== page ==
Extracellular vesicles are now considered as active contributors to melanoma progression through their capacity to modify the tumor microenvironment and to favor the formation of a pre-metastatic niche. These prometastatic roles of tumor-derived EVs would pass through their interaction with the extracellular matrix (ECM) and its remodeling, in turn providing a substrate favoring persistent tumor cell migration. Nevertheless, the capacity of EVs to directly interact with ECM components is still questionable. In this study, we use electron microscopy and a pull-down assay to test the capacity of sEVs, derived from different melanoma cell lines, to physically interact with collagen I. We were able to generate collagen fibrils coated with sEVs and to show that melanoma cells release subpopulations of sEVs that can differentially interact with collagen. Full article
(This article belongs to the Special Issue Extracellular Vesicles and Cancer)
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14 pages, 4496 KiB  
Article
Extracellular Vesicles Released from Cancer Cells Promote Tumorigenesis by Inducing Epithelial to Mesenchymal Transition via β-Catenin Signaling
Int. J. Mol. Sci. 2023, 24(4), 3500; https://doi.org/10.3390/ijms24043500 - 09 Feb 2023
Cited by 2 | Viewed by 1718
Abstract
Lung cancer is the leading cause of cancer-related deaths globally, in part due to a lack of early diagnostic tools and effective pharmacological interventions. Extracellular vesicles (EVs) are lipid-based membrane-bound particles released from all living cells in both physiological and pathological states. To [...] Read more.
Lung cancer is the leading cause of cancer-related deaths globally, in part due to a lack of early diagnostic tools and effective pharmacological interventions. Extracellular vesicles (EVs) are lipid-based membrane-bound particles released from all living cells in both physiological and pathological states. To understand the effects of lung-cancer-derived EVs on healthy cells, we isolated and characterized EVs derived from A549 lung adenocarcinoma cells and transferred them to healthy human bronchial epithelial cells (16HBe14o). We found that A549-derived EVs carry oncogenic proteins involved in the pathway of epithelial to mesenchymal transition (EMT) that are regulated by β-catenin. The exposure of 16HBe14o cells to A549-derived EVs resulted in a significant increase in cell proliferation, migration, and invasion via upregulating EMT markers such as E-Cadherin, Snail, and Vimentin and cell adhesion molecules such as CEACAM-5, ICAM-1, and VCAM-1, with concomitant downregulation of EpCAM. Our study suggests a role for cancer-cell-derived EVs to induce tumorigenesis in adjacent healthy cells by promoting EMT via β-catenin signaling. Full article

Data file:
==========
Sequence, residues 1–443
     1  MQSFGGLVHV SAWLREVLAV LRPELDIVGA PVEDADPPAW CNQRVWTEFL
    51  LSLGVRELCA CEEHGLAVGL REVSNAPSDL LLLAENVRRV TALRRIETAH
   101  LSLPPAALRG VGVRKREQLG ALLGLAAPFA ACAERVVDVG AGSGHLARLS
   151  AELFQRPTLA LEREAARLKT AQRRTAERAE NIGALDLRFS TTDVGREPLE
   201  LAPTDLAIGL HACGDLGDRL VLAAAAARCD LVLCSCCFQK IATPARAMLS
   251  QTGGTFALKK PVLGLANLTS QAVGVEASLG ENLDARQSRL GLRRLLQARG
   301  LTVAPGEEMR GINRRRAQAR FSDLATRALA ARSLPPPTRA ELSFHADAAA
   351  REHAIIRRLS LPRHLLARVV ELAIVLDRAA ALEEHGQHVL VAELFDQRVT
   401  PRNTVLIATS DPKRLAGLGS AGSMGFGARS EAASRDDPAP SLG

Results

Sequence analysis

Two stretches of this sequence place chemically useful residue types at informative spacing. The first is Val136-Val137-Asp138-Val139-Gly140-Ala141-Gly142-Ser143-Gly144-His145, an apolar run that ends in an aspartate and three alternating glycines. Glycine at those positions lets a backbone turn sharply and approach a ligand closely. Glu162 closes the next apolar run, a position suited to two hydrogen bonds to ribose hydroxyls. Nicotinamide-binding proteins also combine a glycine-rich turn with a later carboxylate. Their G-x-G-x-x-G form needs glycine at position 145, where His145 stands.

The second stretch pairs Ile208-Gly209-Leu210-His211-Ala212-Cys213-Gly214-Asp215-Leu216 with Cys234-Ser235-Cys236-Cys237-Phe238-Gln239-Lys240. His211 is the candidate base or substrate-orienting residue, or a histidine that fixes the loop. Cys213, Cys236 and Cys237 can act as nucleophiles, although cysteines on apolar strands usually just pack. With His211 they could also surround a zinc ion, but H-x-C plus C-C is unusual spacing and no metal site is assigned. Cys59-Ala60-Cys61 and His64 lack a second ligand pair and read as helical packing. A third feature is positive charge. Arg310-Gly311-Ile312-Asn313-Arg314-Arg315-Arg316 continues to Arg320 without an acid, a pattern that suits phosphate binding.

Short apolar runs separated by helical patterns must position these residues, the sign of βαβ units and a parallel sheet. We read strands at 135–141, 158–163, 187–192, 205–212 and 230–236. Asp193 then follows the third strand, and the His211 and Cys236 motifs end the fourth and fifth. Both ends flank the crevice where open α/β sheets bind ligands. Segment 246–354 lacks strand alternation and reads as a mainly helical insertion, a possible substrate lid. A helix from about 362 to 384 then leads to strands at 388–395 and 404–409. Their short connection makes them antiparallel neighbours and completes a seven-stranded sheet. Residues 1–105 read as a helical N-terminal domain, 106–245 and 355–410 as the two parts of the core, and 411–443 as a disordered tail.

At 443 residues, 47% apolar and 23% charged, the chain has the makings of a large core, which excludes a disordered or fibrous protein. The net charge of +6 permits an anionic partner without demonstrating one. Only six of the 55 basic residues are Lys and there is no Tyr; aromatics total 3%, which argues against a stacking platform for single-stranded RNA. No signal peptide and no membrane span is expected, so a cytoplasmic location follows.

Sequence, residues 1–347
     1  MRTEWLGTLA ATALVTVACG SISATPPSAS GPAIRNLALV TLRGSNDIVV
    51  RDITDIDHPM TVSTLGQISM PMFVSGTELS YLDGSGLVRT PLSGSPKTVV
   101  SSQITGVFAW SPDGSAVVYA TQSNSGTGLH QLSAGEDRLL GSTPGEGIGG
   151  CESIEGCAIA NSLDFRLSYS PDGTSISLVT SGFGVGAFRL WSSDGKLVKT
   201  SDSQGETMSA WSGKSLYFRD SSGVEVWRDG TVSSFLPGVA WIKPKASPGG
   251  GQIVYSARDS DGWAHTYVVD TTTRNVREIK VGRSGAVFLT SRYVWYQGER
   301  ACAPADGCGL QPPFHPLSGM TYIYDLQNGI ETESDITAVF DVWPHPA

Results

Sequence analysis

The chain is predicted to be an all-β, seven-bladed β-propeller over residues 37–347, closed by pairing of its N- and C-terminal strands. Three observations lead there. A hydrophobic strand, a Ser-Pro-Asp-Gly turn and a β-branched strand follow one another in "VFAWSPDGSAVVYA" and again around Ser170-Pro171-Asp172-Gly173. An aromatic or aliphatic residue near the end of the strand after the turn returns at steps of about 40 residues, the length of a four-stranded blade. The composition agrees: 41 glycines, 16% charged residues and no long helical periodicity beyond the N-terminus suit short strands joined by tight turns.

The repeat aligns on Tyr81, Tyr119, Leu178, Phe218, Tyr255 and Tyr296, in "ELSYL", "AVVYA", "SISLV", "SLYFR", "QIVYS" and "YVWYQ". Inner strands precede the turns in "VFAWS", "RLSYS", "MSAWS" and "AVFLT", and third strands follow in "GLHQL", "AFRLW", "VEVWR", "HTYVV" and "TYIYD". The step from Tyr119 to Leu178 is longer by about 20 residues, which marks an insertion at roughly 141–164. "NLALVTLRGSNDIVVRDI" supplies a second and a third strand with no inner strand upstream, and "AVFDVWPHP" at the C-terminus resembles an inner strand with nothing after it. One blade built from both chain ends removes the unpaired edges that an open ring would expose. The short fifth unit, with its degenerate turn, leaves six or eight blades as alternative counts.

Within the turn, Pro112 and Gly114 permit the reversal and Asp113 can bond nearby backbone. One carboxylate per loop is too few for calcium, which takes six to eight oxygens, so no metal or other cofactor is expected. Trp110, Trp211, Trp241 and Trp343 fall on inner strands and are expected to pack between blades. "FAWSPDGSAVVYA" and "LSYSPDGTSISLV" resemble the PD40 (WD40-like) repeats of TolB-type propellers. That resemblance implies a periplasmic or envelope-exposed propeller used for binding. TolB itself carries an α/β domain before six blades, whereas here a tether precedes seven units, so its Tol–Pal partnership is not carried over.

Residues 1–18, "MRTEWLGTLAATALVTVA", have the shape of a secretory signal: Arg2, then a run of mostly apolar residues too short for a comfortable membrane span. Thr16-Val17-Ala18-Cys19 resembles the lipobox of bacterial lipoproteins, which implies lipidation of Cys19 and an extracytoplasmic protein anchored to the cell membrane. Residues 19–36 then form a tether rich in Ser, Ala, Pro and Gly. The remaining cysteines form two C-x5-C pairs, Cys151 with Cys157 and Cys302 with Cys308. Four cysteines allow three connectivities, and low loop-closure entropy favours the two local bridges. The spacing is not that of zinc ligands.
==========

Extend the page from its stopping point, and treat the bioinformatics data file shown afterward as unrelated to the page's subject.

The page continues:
(This article belongs to the Special Issue Extracellular Vesicles and Cancer)
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Review

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21 pages, 1573 KiB  
Review
Extracellular Vesicles-Based Cell-Cell Communication in Melanoma: New Perspectives in Diagnostics and Therapy
Int. J. Mol. Sci. 2023, 24(2), 965; https://doi.org/10.3390/ijms24020965 - 04 Jan 2023
Cited by 1 | Viewed by 1707
Abstract
Extracellular vesicles (EVs) are a heterogeneous group of cell-secreted particles that carry cargo of functional biomolecules crucial for cell-to-cell communication with both physiological and pathophysiological consequences. In this review, we focus on evidence demonstrating that the EV-mediated crosstalk between melanoma cells within tumor, [...] Read more.